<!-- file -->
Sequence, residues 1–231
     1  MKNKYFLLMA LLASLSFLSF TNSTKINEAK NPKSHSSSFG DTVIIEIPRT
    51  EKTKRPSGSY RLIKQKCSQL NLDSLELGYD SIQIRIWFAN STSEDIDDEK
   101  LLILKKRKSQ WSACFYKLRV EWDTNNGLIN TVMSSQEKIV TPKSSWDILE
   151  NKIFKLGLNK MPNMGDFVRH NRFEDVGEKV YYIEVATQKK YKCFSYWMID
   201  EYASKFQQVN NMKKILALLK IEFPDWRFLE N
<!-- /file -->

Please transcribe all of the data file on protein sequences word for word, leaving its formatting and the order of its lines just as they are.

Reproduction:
Sequence, residues 1–231
     1  MKNKYFLLMA LLASLSFLSF TNSTKINEAK NPKSHSSSFG DTVIIEIPRT
    51  EKTKRPSGSY RLIKQKCSQL NLDSLELGYD SIQIRIWFAN STSEDIDDEK
   101  LLILKKRKSQ WSACFYKLRV EWDTNNGLIN TVMSSQEKIV TPKSSWDILE
   151  NKIFKLGLNK MPNMGDFVRH NRFEDVGEKV YYIEVATQKK YKCFSYWMID
   201  EYASKFQQVN NMKKILALLK IEFPDWRFLE N